The VTA and D2 receptor along with the hypothalamus demonstrate the importance of the dopamine system in obesity. In order to tackle the growing obesity epidemic, understanding the core of the problem is very important. It is often seen that even though obese people want to cut down on their food intake, they simply cannot stop. Z. Vucetic et al. (2012)[3] showed that 2 genes that are expressed in both the hypothalamus and the VTA go through differential methylation as a result of a high fat diet. It was observed that tyrosine hydroxylase (rate limiting enzyme in dopamine synthesis) and dopamine transporter (critical in removing dopamine from the synapse) mRNA’s were significantly increased in the hypothalamus. The opposite was seen for the VTA where the mRNA’s for both these genes were downregulated. This study paves the way forward to link high fat diets and dopamine expression – the mechanism at play. In order combat obesity it was crucial to understand the mechanism behind the changes for a proper intervention. This study also shows the dangerous feed forward cycle at play, as to why obese people on high fat diets keep getting worse. In order to satisfy their hypofunctioning reward circuitry, individuals indulge in highly palatable foods that desensitize the circuit even further.

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Consequences of early exposure to fatty foods.

Exposure to a high fat diet early on in life can have significant and long-lasting effects throughout adulthood[18]. In the developed world and most of the developing countries, children are exposed to fatty diets at a very early age due to a culture and prevalence of junk foods. This has directly led to the increase in body mass in adults as they develop a subconscious preference for highly palatable foods. The preference is developed due to the reprogramming of the reward system; reduction in dopamine signalling.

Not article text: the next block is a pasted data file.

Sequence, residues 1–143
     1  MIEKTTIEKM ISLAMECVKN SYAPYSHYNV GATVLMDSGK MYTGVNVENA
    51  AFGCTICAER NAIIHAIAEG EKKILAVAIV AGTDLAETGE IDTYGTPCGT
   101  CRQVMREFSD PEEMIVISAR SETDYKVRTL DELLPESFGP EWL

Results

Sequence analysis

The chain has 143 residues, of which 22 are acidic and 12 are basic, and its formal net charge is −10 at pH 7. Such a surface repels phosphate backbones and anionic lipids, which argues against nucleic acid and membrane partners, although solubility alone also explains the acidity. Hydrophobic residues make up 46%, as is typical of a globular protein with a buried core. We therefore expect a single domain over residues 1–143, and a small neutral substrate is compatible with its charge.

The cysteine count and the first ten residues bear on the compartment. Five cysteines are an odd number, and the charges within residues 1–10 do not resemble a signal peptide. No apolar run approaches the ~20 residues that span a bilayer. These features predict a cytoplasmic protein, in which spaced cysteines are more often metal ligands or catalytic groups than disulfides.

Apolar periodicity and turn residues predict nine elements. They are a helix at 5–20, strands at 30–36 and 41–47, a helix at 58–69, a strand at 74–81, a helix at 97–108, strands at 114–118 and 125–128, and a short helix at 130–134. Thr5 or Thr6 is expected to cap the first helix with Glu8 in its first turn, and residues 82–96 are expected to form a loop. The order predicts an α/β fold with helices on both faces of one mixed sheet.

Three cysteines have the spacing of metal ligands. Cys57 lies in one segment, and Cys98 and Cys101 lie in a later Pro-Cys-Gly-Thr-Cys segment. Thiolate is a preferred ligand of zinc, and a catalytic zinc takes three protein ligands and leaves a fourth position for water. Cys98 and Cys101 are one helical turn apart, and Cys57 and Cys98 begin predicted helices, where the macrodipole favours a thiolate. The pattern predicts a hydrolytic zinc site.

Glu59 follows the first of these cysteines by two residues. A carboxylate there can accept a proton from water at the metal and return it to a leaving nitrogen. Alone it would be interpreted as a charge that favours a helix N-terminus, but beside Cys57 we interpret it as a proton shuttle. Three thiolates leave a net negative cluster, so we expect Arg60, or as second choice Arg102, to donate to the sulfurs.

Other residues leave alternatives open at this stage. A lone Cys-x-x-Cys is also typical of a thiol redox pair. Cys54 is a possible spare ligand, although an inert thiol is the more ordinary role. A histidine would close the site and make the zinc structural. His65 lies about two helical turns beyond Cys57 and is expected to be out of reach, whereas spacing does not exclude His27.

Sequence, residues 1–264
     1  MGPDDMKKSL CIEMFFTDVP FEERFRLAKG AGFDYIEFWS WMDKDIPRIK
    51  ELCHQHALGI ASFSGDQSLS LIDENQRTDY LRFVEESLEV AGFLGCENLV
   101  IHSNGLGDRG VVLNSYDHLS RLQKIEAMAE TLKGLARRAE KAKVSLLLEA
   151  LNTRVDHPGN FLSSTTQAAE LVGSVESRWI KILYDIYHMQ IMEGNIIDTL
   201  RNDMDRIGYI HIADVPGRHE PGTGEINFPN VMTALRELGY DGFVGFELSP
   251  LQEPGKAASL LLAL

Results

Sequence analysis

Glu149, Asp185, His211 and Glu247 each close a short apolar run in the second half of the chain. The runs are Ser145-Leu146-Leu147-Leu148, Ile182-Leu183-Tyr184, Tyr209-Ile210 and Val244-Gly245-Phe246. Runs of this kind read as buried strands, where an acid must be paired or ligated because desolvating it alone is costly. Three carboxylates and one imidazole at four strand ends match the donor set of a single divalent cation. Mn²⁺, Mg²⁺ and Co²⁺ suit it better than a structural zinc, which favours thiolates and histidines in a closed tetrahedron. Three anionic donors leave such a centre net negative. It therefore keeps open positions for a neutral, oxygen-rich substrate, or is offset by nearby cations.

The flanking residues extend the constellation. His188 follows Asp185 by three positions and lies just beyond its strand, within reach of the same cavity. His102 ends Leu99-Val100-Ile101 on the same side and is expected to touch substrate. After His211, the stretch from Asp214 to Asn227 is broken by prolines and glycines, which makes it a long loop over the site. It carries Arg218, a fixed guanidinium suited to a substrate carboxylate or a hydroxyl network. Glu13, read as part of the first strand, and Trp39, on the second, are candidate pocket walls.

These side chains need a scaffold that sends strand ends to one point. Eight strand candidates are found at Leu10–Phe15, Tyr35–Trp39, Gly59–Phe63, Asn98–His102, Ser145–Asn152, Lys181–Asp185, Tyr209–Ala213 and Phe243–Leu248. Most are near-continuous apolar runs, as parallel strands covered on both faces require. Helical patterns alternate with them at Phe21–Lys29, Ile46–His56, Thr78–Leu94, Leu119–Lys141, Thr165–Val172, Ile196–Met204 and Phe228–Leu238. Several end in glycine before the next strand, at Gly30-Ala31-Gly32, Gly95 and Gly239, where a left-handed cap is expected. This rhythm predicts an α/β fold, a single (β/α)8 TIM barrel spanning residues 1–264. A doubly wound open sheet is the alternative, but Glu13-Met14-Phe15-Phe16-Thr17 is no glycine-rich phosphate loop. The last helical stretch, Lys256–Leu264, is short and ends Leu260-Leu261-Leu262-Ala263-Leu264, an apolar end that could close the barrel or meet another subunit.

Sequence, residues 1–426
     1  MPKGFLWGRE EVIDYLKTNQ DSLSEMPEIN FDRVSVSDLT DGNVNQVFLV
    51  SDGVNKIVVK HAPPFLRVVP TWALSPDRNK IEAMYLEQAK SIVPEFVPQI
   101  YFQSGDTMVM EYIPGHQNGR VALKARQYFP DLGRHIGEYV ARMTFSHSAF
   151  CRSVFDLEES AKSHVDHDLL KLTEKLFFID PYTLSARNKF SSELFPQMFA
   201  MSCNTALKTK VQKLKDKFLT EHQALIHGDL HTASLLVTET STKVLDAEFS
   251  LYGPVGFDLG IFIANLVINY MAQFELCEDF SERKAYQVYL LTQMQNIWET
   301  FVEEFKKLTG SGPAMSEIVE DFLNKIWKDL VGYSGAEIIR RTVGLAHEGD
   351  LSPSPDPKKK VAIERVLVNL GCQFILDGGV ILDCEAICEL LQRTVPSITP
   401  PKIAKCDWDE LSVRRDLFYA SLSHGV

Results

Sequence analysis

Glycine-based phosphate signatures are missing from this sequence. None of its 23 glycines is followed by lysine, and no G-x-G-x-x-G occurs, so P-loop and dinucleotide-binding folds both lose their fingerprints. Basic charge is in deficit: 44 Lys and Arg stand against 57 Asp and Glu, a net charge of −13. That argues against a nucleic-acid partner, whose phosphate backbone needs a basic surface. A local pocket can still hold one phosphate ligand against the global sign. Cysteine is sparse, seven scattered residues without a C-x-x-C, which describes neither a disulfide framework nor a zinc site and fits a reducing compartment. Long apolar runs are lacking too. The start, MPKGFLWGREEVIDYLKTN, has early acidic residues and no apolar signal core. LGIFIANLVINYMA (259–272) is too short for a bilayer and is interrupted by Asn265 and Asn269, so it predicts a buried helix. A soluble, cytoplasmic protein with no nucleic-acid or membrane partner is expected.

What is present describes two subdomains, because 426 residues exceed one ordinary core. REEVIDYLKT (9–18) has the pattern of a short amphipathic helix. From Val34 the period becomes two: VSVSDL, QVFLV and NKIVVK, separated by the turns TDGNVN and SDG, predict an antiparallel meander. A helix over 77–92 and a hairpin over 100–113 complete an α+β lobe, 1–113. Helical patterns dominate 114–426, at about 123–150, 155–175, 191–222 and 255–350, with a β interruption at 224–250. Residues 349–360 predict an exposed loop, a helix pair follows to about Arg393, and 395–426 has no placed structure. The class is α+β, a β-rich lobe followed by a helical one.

What can be done to fight obesity?

Obesity is caused due to multiple factors and commonly runs in families. Depending on the genetic predisposition and the environment one is exposed to, the risk of obesity can be determined[19]. To fight obesity, scientists are working on new innovative therapies targeting specific areas that are the root cause of obesity. Significant progress has been made in this regard and multiple potential targets have been identified.

- In mice the loss of Akt1 gene protects them from diet-induced obesity, a potential therapy could be to block the production of the mRNA’s from this gene[20].

- Differential DNA methylation has also been identified in the VTA and hypothalamus that leads to a feed forward cycle due to reduced transduction of the dopamine signaling and increased extracellular dopamine in the hypothalamus. These could be targeted using gene therapy or through drugs[3].